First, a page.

olivia rodrigo

Review: Olivia Rodrigo’s album ‘Sour’ reflects the experience of many teenage girls

The launch of Olivia Rodrigo’s album ‘Sour’ in May 2021 received an outstanding response. Perhaps it was the great songwriting or catchy melodies, but it’s most likely because Rodrigo has managed to compose an album that perfectly sums up the experience of many teenage girls. Her songs bring up prevalent issues of our time including social media, jealousy and the ‘brutal’ teenage experience.

Rodrigo also focuses on the feelings surrounding breakups and the complexities of emotions that are experienced during the time. In Rodrigo’s early music career, it is great to see these aspects of society being explored and these topics are truly important in the analysis of what some girls and women go through around the world.

The album explores the themes of social media and jealously incredibly well and it really gives an insight into how many of us have felt while using Instagram and the likes of Facebook and Twitter over the past few years.

 In ‘Jealousy Jealousy’ Rodrigo makes reference to beauty standards and the difficulty of attainting the ‘perfect’ look. The line “cause all I see are girls too good to be true” really reflects how girls and women feel like their bodies do not look good enough. The song also focuses on the ‘fear of missing out’ (FOMO) that many of us experience when using Instagram. Rodrigo sings “and I see everyone getting all the things I want, and I’m happy for them, but then again, I’m not”, and “I wanna be you so bad, and I don’t even know you, all I see is what I should be”, showing how it is easy to get wrapped up in the lives of others and what they have on social media. These ideas of FOMO are reflected in a study by Nottingham Trent University, which suggested that FOMO is driving up social media addiction. Indeed, frequent social media interaction is responsible for increasing feelings of inadequacy and isolation, thus affecting moods and worsening depression and anxiety. As such, it is no surprise that when women are spending more time on social media than men, issues of anxiety and FOMO occur, affecting mental health considerably.

We have known for some time that social media has been driving up mental health disorders for women especially and Rodrigo’s song reflects how looking online is one way in which insecurities can be furthered and become more harmful. In the technological world, it is easy to become lost in comparing yourself to others and seeing edited bodies on Instagram pushing a beauty standard that doesn’t always exist. Rodrigo strongly reflects what it is like to have the all-consuming feeling of jealousy and the constant comparison of yourself to others who may appear or be richer, or more attractive.

Review: Olivia Rodrigo's 'Sour' Album Is a Critic's Pick - The New York  Times

In terms of how difficult being a teenager is, Rodrigo’s song ‘Brutal’ also reflects how the teenage experience isn’t always as we expect. The teenage experience is often sold to many through the media, including films about girls’ teenage experiences. ‘Brutal’ does a good job of reflecting this, with Rodrigo singing lines like “I’m so over this teenage dream?”, and “they say these are the golden years, but I wish I could disappear” are examples of the difficulties of growing up, especially as specific ideals are often sold to girls (especially the ideals of a white, cisgender teenagerhood). Such lines offer a similarity to MARINA’s ‘Teen Idol’ with her lyrics stating, “I don’t know why but I feel conned” and her wishes surrounding being a prom queen but also how feeling ‘free’ when a teenager isn’t always what is realistic. Indeed, most lives do not reflect films or the ideal ‘golden years’, representing the unrealistic expectations that are easily had. As such, Rodrigo is able to string together the aspects of the teenage life of many girls, even though there is no one standard way to grow up.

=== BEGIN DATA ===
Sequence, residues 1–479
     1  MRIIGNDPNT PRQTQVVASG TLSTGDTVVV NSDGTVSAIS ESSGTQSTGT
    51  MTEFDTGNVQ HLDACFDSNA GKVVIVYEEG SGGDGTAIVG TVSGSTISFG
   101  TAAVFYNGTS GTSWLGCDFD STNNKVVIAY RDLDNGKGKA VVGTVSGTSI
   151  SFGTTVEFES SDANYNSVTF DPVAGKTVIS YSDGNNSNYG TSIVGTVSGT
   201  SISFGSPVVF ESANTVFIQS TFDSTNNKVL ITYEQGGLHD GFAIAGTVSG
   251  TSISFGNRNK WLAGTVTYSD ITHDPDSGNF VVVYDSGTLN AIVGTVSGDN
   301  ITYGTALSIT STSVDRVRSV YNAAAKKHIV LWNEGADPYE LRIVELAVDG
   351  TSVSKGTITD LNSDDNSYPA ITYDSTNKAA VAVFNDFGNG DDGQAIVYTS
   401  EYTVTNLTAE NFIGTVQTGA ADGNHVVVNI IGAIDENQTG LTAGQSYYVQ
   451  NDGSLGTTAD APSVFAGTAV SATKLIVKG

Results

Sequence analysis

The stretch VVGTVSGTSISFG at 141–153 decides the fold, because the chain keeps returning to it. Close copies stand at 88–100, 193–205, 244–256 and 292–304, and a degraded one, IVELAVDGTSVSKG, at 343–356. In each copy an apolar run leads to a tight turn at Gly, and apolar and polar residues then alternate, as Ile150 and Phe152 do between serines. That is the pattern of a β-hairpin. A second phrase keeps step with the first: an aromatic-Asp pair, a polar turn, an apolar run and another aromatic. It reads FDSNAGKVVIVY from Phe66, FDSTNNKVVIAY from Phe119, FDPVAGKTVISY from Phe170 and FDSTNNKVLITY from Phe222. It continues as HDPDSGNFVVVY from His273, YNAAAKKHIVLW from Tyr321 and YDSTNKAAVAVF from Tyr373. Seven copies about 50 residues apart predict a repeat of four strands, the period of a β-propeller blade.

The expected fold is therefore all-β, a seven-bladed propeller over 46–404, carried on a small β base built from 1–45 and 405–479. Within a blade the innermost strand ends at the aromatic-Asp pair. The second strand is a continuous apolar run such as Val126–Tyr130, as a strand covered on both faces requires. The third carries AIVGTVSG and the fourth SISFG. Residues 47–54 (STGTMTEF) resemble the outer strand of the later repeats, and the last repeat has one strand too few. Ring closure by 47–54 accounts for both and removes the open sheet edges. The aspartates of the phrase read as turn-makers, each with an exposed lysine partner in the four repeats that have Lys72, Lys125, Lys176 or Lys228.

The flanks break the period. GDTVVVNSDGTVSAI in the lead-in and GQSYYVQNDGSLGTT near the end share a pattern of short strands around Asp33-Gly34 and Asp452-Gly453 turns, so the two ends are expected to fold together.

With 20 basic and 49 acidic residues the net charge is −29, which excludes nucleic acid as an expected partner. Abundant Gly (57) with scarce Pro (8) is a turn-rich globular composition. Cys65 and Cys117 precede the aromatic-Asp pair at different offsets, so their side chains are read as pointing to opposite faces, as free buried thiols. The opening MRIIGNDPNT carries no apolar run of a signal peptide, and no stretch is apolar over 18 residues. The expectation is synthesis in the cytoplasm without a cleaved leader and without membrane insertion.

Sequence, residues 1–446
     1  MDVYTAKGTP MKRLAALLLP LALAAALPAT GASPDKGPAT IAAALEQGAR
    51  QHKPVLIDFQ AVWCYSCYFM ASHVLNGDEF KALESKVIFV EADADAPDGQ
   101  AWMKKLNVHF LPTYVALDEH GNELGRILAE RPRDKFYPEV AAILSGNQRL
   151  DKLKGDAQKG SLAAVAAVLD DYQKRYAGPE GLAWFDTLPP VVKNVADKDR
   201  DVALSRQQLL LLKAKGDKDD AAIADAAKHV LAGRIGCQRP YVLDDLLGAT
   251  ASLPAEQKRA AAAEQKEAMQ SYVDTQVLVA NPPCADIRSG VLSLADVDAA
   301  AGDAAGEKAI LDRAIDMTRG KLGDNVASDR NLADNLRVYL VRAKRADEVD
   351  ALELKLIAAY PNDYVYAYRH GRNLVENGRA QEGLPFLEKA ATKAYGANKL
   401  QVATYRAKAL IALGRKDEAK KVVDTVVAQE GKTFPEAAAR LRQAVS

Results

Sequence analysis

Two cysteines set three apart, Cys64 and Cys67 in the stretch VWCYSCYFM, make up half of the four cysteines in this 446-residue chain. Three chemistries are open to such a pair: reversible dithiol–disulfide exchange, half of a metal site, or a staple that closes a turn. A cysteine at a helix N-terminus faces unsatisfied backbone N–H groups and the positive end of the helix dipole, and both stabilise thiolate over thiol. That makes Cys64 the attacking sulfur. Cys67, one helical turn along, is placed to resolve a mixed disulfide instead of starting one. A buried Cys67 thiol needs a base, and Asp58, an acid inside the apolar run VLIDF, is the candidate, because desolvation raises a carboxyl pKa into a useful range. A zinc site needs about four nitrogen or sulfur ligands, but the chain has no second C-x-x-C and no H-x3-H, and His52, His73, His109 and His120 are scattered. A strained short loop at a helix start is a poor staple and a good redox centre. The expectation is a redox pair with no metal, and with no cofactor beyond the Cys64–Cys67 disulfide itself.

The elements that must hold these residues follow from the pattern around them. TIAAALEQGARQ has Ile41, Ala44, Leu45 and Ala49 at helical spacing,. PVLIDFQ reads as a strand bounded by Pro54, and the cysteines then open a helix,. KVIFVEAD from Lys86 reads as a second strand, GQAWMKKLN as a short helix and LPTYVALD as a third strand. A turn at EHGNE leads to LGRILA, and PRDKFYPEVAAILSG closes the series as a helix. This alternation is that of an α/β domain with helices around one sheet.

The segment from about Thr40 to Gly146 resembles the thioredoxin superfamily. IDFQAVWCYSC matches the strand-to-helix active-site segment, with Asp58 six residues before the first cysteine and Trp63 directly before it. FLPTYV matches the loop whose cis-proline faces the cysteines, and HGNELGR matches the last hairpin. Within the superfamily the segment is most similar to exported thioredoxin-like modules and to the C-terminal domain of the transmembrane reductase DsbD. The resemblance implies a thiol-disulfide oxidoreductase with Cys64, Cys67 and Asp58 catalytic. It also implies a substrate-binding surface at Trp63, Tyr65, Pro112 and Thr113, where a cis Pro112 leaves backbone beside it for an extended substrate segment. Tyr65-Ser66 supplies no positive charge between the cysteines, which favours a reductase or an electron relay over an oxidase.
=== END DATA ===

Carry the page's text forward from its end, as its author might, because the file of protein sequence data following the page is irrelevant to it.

Finally, Rodrigo’s album throughout focuses on the feelings of breakups, and the complexities of these breakups in terms of emotions. Songs focusing on the ending of a relationship like ‘Good 4 U, ‘Traitor’, and ‘Driver’s License’ bring out feelings of anger, but also feelings of sadness. These songs are all important reflections of the feelings you go through when change is occurring, but also the pain of another person leaving your life.

Watch Olivia Rodrigo's Sour Prom Concert Film | Pitchfork

 In ‘Traitor’, Rodrigo explores how an ex-partner can go off so quickly and be with someone else. While someone may not have been unfaithful, it is still difficult to come to terms with them moving on so quickly. This feeling changes to anger in ‘Good 4 u’ with the pain directed towards an ex-partner as they appear to have moved on while someone else remains in pain and is going through various emotions. What is important here is that these feelings, being written by someone so young, are key emotions of many other young girls – no matter if it is their first breakup or another. As such, Rodrigo perfectly puts together feelings that appear almost timeless when it comes to breakups, and they are so perfectly worded by someone who is so young.

All in all, Rodrigo has made an album that summarises many feelings of being a teenager and growing up to adulthood while highlighting the complexities that come with it, especially with social media being such a big part of most people’s lives. While singing about breakups, Rodrigo wonderfully curates a reflection of when someone goes through a huge change in their lives, where feelings are all over the place and not much makes sense. Indeed, it is important that the younger generation may find themselves in Rodrigo’s music and that it provides a place for individuals to have their experiences reflected in music within our current world.

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